Default Script Template

When you create a new script, Unity uses a text file to specify its initial layout. That text file is located in your Unity installation folder:

  • Windows: C:\Program Files\Unity\Editor\Data\Resources\ScriptTemplates
  • Mac: /Applications/Unity/

These paths may differ if you are using Unity Hub or chose a different path when installing Unity.

The template for a new C# Script is 81-C# Script-NewBehaviourScript.cs.txt.

If you make changes to any of the templates, you should keep a copy of your changed file somewhere else so that you do not lose it if you uninstall Unity and can easily apply it when you install a new version of Unity.

It is recommended that you remove the default Start and Update methods because they have a performance cost just for existing, even if they are empty. Adding them back in when you actually need them only takes a few seconds and this helps encourage you to keep your scripts clean. At the very least, you should remove their comments which are absolutely useless to the extent that lazy people who leave them in often do not even bother changing them when they rename the method, meaning the comments become worse than useless because they are not even correct about what the method does anymore.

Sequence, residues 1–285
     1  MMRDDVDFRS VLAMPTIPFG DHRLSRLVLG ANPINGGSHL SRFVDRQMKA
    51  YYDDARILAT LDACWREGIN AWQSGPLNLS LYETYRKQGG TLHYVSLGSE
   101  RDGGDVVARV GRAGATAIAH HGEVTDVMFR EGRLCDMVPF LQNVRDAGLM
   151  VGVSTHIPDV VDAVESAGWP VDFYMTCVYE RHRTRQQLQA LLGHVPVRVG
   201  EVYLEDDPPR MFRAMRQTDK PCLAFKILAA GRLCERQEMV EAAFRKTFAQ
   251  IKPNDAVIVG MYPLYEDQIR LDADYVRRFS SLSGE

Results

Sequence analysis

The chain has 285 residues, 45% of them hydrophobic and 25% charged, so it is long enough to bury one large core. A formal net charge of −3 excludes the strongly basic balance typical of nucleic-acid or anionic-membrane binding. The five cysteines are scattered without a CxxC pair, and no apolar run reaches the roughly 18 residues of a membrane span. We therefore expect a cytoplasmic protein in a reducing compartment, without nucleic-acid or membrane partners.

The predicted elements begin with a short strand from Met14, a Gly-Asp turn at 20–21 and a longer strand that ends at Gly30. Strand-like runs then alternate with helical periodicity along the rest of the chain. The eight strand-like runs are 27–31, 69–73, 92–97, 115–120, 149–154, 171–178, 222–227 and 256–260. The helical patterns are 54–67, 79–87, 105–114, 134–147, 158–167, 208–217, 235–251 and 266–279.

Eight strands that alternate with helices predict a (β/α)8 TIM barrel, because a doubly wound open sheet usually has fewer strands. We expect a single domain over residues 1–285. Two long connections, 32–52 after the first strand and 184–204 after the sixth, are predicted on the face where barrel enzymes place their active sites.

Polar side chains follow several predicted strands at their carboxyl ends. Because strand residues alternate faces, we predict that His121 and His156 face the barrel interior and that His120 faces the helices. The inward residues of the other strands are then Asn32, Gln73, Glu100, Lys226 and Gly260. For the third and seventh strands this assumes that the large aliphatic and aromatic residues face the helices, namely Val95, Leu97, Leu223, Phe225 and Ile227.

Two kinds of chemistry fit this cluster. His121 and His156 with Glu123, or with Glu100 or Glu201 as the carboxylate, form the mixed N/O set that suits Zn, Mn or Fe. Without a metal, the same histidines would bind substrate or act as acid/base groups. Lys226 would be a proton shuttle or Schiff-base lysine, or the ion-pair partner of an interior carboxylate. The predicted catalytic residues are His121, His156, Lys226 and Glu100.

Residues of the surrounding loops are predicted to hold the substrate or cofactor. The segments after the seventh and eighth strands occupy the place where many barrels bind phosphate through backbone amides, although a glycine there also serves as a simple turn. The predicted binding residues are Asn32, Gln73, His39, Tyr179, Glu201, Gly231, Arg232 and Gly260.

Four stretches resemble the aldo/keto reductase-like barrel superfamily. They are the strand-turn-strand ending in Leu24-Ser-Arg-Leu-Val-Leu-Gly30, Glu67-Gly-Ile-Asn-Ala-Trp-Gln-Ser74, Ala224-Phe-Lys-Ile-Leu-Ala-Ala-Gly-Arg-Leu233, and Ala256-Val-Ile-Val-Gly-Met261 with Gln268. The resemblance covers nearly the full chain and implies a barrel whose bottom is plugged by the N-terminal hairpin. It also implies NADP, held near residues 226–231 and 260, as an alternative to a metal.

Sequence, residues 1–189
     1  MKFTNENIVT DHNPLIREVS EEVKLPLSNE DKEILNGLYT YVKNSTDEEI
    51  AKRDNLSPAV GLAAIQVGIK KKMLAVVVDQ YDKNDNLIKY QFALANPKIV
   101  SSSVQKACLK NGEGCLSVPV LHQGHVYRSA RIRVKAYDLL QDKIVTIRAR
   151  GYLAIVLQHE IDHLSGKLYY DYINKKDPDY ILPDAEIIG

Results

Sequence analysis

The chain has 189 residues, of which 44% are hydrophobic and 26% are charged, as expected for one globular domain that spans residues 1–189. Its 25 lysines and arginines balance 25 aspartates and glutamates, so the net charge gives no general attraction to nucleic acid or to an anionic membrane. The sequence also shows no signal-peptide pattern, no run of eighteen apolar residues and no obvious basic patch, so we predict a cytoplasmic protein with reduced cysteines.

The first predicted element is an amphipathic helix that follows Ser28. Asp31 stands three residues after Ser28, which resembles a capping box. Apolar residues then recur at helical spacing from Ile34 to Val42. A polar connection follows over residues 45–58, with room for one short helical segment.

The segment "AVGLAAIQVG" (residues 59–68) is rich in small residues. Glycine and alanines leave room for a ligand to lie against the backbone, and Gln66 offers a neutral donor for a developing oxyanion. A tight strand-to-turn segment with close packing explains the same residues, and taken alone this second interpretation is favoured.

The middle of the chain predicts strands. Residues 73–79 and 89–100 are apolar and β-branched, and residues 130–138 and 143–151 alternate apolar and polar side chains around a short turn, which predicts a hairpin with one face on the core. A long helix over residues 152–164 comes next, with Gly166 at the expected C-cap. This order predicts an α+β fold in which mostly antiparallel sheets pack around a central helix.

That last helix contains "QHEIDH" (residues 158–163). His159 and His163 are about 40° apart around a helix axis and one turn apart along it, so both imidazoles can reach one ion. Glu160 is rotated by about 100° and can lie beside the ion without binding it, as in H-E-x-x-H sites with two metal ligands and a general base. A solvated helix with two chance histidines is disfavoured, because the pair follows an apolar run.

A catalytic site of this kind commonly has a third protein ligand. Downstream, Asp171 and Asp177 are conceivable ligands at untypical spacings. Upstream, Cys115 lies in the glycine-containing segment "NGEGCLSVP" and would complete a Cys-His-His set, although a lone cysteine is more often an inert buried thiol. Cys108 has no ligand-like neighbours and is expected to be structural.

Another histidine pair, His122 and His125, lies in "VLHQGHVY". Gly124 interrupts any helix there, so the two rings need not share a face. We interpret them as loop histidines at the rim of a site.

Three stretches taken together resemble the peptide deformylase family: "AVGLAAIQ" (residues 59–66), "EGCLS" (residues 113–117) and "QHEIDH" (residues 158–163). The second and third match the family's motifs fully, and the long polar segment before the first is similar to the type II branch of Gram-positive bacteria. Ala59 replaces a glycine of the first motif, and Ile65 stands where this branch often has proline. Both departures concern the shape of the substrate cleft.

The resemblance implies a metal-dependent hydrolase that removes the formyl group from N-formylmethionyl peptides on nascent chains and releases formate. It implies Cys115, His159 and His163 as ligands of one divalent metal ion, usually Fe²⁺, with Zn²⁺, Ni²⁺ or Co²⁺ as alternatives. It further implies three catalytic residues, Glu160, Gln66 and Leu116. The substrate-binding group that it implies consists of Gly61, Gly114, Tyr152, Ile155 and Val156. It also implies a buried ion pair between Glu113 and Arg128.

Any other modifications are up to you. The template used by Kybernetik looks like this:

using UnityEngine;

public class #SCRIPTNAME# : MonoBehaviour


Note that the /**** is actually on the line immediately after the { and indented, it just looks like there's an extra line between due to word wrapping on this page.

Why only using UnityEngine;?

Visual Studio (and other IDEs) can automatically list types that contain a given sub-string, including ones in namespaces that do not yet have using statements in the current file and will automatically add such statements if necessary. This means the only using statement we need in a script by default is UnityEngine for the MonoBehaviour class.

Why /*************...?

  • These are Comment Separators which help to improve code readability as explained by the Coding Standard.